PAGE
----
Speaking at the virtual J Street national conference on Monday, former Democratic presidential candidates Sens. Bernie Sanders (I-Vt.) and Elizabeth Warren (D-Mass.) indicated that they were willing to place conditions on the aid Congress has promised Israel.
“I strongly believe that we must also be willing to bring real pressure to bear, including restricting U.S. aid, in response to moves by either side that undermine the chances for peace,” Sanders said in his virtual speech. “The truth is that the United States gives an enormous amount of military aid to Israel. It also provides some humanitarian and economic aid to the Palestinians. It is totally appropriate for the United States to say what that aid may and may not be used for.
“In terms of aid to Israel, in my view, the American people do not want to see that money being used to support policies that violate human rights and treat the Palestinian people as second-class human beings.”
Warren called for restricting military aid to Israel if the aid is being used in a way that prevents the parties from moving towards a two-state solution, which she said included being used in the West Bank.
“If we’re serious about arresting settlement expansion and helping move the parties towards a two-state solution, then it would be irresponsible not to consider all of the tools we have at our disposal,” she said.
“By continuing to provide military aid without restriction, we provide no incentive for Israel to adjust course,” she said. “The United States cannot stand for security, human rights, and dignity, and at the same moment turn a blind eye to the suffering of Palestinians under Israeli occupation.”
Halie Soifer, CEO of the Jewish Democratic Council of America, drew a distinction between the opinions of Sanders and Warren with the rest of the Democratic Party, including others who spoke at the conference.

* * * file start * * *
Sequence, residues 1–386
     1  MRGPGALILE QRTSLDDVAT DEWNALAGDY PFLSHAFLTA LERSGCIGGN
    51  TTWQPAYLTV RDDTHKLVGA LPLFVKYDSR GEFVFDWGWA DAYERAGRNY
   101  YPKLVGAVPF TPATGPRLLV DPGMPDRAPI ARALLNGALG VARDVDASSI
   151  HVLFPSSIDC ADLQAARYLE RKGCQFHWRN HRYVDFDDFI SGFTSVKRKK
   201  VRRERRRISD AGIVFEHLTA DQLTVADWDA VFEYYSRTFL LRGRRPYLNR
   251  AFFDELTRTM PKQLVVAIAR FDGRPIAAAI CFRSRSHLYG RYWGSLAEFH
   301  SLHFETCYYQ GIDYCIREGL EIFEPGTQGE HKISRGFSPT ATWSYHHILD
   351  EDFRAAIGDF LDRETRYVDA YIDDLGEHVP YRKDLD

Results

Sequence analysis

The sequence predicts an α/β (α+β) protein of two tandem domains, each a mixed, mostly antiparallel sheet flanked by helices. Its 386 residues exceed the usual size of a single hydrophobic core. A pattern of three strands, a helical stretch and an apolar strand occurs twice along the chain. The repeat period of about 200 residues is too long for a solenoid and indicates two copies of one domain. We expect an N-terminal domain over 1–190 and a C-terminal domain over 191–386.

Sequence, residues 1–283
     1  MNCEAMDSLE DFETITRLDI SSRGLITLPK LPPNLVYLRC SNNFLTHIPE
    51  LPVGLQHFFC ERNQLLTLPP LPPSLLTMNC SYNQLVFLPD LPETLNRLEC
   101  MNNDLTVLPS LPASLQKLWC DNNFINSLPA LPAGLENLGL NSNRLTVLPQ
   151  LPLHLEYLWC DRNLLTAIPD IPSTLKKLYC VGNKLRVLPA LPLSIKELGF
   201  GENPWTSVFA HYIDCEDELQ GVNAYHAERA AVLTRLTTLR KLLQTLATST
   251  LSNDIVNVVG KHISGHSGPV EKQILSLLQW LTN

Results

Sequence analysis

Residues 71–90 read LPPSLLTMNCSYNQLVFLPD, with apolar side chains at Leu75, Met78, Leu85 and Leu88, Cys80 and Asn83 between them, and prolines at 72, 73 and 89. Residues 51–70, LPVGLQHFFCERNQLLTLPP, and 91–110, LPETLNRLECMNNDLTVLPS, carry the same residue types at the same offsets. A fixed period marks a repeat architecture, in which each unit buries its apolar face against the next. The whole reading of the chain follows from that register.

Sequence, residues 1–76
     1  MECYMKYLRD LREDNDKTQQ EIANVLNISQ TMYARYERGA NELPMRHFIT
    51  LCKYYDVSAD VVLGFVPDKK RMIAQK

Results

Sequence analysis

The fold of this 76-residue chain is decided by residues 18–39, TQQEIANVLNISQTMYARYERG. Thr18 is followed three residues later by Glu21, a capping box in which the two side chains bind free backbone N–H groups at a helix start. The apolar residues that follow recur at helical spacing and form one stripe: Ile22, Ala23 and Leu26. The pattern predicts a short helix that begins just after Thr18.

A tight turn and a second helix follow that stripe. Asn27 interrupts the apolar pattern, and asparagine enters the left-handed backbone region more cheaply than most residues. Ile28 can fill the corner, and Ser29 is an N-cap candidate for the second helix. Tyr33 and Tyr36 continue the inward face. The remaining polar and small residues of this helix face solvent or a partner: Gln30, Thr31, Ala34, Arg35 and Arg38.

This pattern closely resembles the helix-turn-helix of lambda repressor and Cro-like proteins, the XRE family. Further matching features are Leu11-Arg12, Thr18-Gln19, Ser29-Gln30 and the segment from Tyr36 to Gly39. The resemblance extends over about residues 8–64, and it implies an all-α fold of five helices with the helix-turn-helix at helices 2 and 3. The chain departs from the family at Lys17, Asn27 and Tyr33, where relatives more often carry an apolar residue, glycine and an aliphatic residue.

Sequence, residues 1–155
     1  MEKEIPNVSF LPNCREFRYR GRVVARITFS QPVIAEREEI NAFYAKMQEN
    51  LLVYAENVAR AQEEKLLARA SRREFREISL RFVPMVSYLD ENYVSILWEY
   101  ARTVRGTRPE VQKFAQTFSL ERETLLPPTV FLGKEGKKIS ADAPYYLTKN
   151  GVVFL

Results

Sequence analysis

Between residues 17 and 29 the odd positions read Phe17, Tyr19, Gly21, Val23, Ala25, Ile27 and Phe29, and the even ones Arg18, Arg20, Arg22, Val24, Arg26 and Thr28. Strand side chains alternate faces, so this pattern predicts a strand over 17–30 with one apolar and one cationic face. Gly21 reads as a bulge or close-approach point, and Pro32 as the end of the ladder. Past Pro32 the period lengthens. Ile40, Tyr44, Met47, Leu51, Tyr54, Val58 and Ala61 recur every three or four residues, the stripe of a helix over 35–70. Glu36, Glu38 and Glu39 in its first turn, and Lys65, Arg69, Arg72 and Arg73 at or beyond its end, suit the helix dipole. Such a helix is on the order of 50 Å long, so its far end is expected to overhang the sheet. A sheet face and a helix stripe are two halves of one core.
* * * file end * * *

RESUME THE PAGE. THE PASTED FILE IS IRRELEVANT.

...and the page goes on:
“The Democratic Party Platform, adopted unanimously in 2020, made clear that Democrats strongly support the 10-year, $38 billion Memorandum of Understanding between the United States and Israel finalized by [former] President [Barack] Obama and then-Vice President [Joe] Biden in 2016,” Soifer wrote in an email. “That is JDCA’s position, and it’s the position of the Biden White House.”
She added that Senate Majority Leader Chuck Schumer (D-N.Y.) and House Speaker Nancy Pelosi (D-Calif.) also spoke at J Street’s two-day conference. Soifer said they “expressed support for the ironclad partnership between the two countries which epitomizes how Democrats view the U.S.-Israel relationship.”
U.S. Senator Ben Cardin (D-Md.), a member of the Senate Foreign Relations Committee, told JNS in an emailed statement that he rejects conditioning assistance to Israel.
“The U.S. government maintains robust and wide-ranging engagement with government of Israel, and any and all concerns are shared frankly and honestly and frequently. There is no need or justification for conditioning our assistance.”
Similarly, U.S. Rep. Elaine Luria (D-Va.), vice chair of the House Armed Services Committee, said in an emailed statement that putting conditions on aid to Israel would threaten security and U.S. interests in the region.
“Israel is America’s most vital ally in the Middle East. The aid we provide, roughly $3.8 billion each year, is an investment in the national security of both our countries and serves as a strong deterrent in the region,” wrote Luria. “Israel’s continued stability and economic strength were critical in securing the historic Abraham Accords, which normalized relations with Israel and several Middle Eastern countries. Conditioning aid to Israel would be a grave mistake and would threaten security and U.S. interests in this volatile region.”
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